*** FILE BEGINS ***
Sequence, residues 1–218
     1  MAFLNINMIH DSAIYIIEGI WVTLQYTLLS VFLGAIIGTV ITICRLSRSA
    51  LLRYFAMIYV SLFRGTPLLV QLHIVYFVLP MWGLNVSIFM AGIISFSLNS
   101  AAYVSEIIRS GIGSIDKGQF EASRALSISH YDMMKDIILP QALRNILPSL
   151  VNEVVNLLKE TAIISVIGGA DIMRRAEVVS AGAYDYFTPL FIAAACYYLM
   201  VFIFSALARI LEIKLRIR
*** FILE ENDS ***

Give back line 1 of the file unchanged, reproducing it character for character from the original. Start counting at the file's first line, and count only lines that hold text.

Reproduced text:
Sequence, residues 1–218